Tuesday, December 15, 2009

A Floating Palace in Baltimore

Emily, Tim & I trekked to Baltimore on Saturday, and having not explored for a while, we were chomping at the bit. We decided to have lunch first, stopping at a fast food restaurant offering a tasty menu of chicken livers, gizzards and lake trout. I had the trout for the first and last time!
Our next stop was the Hebrew Orphan Asylum, dating back to 1873. In 1924 it became West Baltimore General Hospital, to be renamed Lutheran Hospital around 1950. It closed in 1989. And it was still very closed up as we skirted the perimeter. We saw no point of entry so had to make do with some external shots before walking around the neighborhood.

Many of the houses in this area were boarded up or about to fall down. Feral cats skulked along fences and guard dogs barked loudly, guarding I have no idea what.

Some one had dropped their breakfast so it made for a colorful photo amongst the drab surroundings. We soon tired of these sad streets, so decided to go scouting. Clambering back into the car, we scoured the streets for a nice derelict building. Bingo! We came across a large industrial looking place which looked as though it had suffered fire damage at the rear.

We found an open door and walked into a strange warehouse.

It became apparent as we stepped on the floor that all the wooden boards were floating, and it was a little weird walking across the open space. Tim correctly determined that this was once a cold storage place and underneath us would once have been ice. We realized later that this was an ice making factory. The rectangular moulds to the right of the photo held the ice blocks.

We came to a spiral staircase and saw below the machinery which once powered this plant. The "Ice House" is the remaining structure of a large ice manufacturing plant constructed in 1911 by the American Ice Company. Designed by New York architecture firm Mortimer & Co. and built by Fidelity Construction Company from Baltimore, the plant complex was "one of the largest and most modern of its kind in the State" when built and marked the significant shift from the sale of natural to manufactured ice.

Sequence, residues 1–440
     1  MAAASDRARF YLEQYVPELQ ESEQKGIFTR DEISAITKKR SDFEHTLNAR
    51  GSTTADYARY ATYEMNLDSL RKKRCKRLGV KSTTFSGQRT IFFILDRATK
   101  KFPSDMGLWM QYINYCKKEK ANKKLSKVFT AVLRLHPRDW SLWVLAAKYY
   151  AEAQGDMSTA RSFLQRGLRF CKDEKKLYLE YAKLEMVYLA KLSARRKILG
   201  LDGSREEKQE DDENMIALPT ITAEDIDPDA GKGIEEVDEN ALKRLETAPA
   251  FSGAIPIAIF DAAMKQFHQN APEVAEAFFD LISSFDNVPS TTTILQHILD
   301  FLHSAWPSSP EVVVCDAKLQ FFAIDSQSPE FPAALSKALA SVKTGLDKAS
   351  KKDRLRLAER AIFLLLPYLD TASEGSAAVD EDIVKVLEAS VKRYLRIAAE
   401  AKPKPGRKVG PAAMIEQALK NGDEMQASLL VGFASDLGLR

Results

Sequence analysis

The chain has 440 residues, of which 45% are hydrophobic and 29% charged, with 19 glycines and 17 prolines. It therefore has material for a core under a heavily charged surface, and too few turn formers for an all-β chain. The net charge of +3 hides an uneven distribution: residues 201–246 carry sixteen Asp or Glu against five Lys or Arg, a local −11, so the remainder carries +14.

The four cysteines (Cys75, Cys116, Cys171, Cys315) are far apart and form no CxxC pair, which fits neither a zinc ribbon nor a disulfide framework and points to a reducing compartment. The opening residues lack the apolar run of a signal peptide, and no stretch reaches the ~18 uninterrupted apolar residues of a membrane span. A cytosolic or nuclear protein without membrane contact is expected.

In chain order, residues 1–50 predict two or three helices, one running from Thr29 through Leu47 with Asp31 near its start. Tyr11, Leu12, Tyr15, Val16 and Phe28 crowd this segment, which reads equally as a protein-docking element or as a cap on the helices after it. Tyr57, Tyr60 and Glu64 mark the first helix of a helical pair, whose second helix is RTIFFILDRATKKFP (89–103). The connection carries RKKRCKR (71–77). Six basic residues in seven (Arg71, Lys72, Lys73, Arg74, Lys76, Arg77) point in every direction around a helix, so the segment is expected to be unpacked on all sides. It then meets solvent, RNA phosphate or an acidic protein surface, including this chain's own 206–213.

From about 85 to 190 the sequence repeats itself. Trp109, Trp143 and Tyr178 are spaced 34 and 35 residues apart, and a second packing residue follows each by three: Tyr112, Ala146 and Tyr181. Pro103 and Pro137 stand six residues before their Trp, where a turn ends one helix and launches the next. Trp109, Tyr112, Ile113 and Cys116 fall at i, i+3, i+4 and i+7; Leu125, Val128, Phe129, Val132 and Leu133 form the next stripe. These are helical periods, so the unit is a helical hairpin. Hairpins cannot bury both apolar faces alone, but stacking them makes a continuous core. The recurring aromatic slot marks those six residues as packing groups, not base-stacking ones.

I loved this ammonia gauge, and this link explains why ammonia is used in refrigeration. There was an ammonia leak from the building in 2008 as workers were tearing down part of the building. There were also 2 major fires in 2001 and 2004.

Going up the spiral staircase took us to the roof and a floor with more machinery possibly for ventilation. I found this interesting link, which reports from 1909 and shows the machinery we saw here, eg, the horizontal compressor.

We left 'The Floating Palace' happy that we'd found somewhere new and exciting, and readily agreed that the next stop should be a bar to celebrate. We found a little dive bar, and entered to a strong smell of cleaning products. We sat on a stool and enquired about the draught beers of which there were none.We ordered a local beer, were given cans and asked if we needed glasses! It was also discovered that the bar didn't do food, so we decided to drink and go elsewhere. As we were about to leave, we stood, and disturbed a coachroach on the counter which the barman expertly squashed with my empty glass as it tried to scuttle away. Without batting an eyelid, he smiled and wished us a good evening and we left thankful that a menu had not been available. We may not have had a gastronomically delightful day, but at least our explorations had been successful!

1 comment:

Heideldy Deideldy said...

Totally grosssssss....the cockroach would make me throw up!